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  20. RfP
    Sep 14, 2008 @ 11:44:28

    if the only reason to follow the link is to post a comment and the reader has already read the article in the feed, there is the real possibility they might not visit a site again or at least infrequently. Which is where not seeing a poll comes in.

    That highlights another issue: many sites don’t cater directly to their feed-reading audience. If you want your entire readership to see something, it has to be announced in a post that goes in the RSS feed.

    Val mentioned missing the visual appeal, and I agree that when I visit sites that I haven't been to for awhile it's a little sad because some authors have fabulous-looking sites!

    Again, I think this is partly about designing for a feed-reading audience. Some sites are pretty but the posts themselves have no visuals and the excerpt even removes hyperlinks, making it even plainer.

    OTOH it’s possible that feed readers may prefer *not* to see all the design on the site. I have an easier time reading some sites’ posts in a reader than on a site with jarring colors. Ditto wading through some sites’ complicated navigation.

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  21. tricia
    Sep 14, 2008 @ 12:25:41

    I love that Dear Author provides the full text. When I click over from my Google Reader to the blog page, I do it because I want to read what people have to say in the comments. (That said, I think most of the commenters at DA are pretty astute and I like reading what they have to say. On so many blogs, the comment section is just a popularity contest. I don’t want to read that.) And I never hesitate to click over, because the website loads so quickly and cleanly, and it’s not cluttered. I have unsubscribed from several blogs that only provide excerpts–I feel like the blogger is trying to get me to come to the site to increase their pageviews and ad revenue, and that feels tacky to me. I know that blogs can make good money for their owners, but… well, you know. It makes me that much less likely to open a full page unless the excerpt has really intrigued me.

    On the polls: When your recent commentary about contemporary romances came up, I kept seeing people mention “the poll” in the comments and had no idea what they were talking about until I went to the home page and found it there. I think if I saw a brief post in my feed reader that let me know a poll was up on DA, I would probably click on it and participate.

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  22. Jennifer A. Ray
    Sep 14, 2008 @ 12:57:36

    Another way you can use RSS feeds to keep up with favorite blogs more easily is to add those feeds to a program like Mobipocket. Mobipocket can be set to synchronize those feeds to your PDA so you can read them on the go!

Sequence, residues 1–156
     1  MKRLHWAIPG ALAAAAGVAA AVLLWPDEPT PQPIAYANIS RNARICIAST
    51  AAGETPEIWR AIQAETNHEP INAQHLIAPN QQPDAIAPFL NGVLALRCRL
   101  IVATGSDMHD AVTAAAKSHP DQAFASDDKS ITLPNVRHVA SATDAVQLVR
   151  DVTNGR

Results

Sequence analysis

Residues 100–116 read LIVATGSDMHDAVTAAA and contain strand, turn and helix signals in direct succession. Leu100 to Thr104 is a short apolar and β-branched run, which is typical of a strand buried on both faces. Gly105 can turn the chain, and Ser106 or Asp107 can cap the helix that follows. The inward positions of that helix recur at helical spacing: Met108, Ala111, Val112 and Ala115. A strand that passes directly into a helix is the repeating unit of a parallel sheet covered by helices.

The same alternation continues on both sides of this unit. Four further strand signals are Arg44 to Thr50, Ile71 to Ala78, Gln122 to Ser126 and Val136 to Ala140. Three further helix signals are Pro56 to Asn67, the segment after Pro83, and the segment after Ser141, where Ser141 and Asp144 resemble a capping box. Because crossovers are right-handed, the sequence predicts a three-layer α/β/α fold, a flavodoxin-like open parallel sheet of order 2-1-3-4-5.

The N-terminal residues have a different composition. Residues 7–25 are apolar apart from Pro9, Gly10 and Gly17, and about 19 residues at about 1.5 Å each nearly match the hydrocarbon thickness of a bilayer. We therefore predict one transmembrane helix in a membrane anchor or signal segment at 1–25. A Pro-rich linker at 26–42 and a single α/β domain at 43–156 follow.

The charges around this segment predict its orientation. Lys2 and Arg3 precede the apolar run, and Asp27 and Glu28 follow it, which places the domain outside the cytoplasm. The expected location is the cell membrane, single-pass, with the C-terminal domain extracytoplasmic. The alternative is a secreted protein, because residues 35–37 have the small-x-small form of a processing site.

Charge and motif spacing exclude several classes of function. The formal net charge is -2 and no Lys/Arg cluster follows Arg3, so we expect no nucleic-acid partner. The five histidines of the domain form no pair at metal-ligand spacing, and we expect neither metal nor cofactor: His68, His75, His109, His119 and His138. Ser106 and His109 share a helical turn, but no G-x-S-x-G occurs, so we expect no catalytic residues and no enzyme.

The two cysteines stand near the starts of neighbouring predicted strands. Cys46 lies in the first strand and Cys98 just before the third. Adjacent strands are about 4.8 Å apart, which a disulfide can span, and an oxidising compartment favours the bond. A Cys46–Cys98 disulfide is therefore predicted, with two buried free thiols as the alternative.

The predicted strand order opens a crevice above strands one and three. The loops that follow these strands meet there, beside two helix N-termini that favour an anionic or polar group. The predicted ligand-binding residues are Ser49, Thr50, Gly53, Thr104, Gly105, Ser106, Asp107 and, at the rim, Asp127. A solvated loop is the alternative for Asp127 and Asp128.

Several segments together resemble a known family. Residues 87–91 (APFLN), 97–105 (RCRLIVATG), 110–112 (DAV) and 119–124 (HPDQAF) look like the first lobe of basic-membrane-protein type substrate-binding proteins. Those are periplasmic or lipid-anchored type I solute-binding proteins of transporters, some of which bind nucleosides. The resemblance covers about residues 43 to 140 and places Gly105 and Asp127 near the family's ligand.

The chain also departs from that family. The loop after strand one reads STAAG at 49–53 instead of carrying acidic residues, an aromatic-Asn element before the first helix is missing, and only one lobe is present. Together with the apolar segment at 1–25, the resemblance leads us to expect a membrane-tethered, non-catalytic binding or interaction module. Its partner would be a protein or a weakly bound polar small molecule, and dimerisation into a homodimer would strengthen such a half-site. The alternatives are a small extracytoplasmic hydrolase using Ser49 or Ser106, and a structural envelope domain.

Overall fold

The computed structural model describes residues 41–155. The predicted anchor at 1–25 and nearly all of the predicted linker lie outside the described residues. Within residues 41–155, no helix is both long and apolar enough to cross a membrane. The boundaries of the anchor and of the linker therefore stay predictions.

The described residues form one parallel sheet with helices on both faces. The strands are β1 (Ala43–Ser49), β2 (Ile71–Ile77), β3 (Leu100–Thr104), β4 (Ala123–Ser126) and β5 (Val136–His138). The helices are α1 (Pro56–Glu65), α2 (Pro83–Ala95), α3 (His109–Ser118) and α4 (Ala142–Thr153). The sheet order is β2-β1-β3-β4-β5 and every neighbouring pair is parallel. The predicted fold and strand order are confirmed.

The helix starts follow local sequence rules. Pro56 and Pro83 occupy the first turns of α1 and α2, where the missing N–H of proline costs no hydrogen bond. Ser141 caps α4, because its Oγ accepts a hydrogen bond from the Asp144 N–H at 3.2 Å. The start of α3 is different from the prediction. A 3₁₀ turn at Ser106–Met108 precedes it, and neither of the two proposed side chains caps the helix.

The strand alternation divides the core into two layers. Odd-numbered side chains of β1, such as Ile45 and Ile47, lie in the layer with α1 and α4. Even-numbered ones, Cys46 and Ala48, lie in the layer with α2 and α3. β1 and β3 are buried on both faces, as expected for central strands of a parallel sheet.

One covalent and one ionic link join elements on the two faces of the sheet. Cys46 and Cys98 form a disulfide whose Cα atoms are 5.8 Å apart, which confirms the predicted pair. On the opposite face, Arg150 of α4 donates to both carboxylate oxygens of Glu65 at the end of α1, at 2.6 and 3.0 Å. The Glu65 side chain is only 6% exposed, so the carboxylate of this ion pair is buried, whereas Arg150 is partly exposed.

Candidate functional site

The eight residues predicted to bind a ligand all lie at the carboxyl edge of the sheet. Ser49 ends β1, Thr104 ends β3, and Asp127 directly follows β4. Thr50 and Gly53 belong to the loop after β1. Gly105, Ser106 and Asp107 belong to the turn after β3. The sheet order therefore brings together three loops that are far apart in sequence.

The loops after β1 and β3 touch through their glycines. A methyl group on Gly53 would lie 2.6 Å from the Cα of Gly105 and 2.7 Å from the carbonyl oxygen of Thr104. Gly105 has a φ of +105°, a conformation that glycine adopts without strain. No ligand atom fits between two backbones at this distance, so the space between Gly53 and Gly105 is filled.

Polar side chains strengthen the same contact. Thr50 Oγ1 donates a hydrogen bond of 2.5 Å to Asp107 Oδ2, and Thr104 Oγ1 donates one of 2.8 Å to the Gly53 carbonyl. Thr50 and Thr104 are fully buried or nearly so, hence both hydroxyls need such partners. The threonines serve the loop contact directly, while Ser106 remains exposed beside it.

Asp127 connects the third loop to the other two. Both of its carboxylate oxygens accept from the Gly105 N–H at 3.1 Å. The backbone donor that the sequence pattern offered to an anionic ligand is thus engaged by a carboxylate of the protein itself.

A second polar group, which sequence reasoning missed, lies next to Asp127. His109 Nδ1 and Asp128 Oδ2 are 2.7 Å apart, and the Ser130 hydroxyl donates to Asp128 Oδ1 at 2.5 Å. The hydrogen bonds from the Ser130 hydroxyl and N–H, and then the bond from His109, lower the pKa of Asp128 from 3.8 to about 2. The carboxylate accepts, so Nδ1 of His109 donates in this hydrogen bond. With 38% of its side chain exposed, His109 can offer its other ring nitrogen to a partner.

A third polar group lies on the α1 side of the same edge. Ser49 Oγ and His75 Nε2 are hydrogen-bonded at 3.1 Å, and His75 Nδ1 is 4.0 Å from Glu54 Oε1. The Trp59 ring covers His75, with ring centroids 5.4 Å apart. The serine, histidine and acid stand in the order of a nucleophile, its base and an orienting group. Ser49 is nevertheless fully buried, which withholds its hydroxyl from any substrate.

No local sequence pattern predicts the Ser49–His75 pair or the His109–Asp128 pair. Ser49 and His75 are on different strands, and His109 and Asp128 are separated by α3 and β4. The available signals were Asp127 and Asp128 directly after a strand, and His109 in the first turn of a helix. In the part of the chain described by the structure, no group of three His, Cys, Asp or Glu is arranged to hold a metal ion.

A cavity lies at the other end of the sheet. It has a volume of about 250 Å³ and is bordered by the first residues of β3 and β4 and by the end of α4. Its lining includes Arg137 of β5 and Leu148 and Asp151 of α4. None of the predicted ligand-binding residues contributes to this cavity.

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  23. Arielle
    Sep 14, 2008 @ 13:05:55

    I’m addicted to my GReader but I still check out some of the more interesting posts for the comments.

    I don’t like excerpts because I can’t open blogs at work and sometimes…ok some days more often than others, I procrastinate by reading my feeds.

    I have romance reader/writer blog feeds, sewing/craft feeds, politics, news, fashion, gossip. You name it, I aggregate it!

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  24. Marianne McA
    Sep 14, 2008 @ 13:23:15

    I think it's probable that the reason your poll turned out the way it did is because the feed readers never saw it

    … and the readers who don’t use feeds, but know what they are, weren’t included in the poll.

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  25. Wendy
    Sep 14, 2008 @ 14:09:06

    I don’t think I could function without my GR. I used it all the time. Heck, it’s one of the first things (along with my email) I first check when I get online!

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  26. Kristin
    Sep 14, 2008 @ 14:21:39

    Well, I answered the question that way b/c it was the only option that came close to what I was experiencing. I know what an RSS feed is, but I still haven’t figured out how to subscribe. I think I will take the time to read this post more in-depth when I have time because it might help me with my blog habits.

    Anyway, just wanted you to know there was another answer to your question and none of the answers you provided quite was my situation…

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  27. veinglory
    Sep 14, 2008 @ 14:53:19

    I would second the idea that you need to appreciate a hell of a lot of people know all about feeds but dont use them. They don’t fill a need for me. So that proportion was not in the poll.

    I think that *every* poll needs an ‘other’ option to signal that you may have missed a major alternative which would skew the meaning of the data.

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  28. Shanna
    Sep 14, 2008 @ 14:54:20

    I agree with all the others who commented that the poll was flawed. I had no idea there was one either because I read the feed and come directly to a post. I predict the results will change quite a bit from those of us who are now completing the poll.

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  29. Maya Reynolds
    Sep 14, 2008 @ 17:09:20

    I used Bloglines, an early feeder, for several years.

    Like Gennita, I decided to go back to reading my favorite blogs individually. I still have Bloglines for when I’m in a hurry, but I now only visit the site about once a week.

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  30. Gennita Low
    Sep 14, 2008 @ 19:15:49